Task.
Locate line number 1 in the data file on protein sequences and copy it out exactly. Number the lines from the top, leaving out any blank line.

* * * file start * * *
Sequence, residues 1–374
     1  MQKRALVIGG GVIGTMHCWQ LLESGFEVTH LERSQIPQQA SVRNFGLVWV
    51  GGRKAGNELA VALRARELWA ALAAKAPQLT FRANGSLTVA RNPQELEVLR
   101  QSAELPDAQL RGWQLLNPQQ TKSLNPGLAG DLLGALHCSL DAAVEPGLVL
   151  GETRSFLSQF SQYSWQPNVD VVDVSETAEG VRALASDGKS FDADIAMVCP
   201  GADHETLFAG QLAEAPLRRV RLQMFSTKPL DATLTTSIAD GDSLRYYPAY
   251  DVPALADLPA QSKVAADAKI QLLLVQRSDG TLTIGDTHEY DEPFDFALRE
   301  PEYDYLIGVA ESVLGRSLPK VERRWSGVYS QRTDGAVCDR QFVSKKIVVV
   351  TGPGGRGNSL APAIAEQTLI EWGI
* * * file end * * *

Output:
Sequence, residues 1–374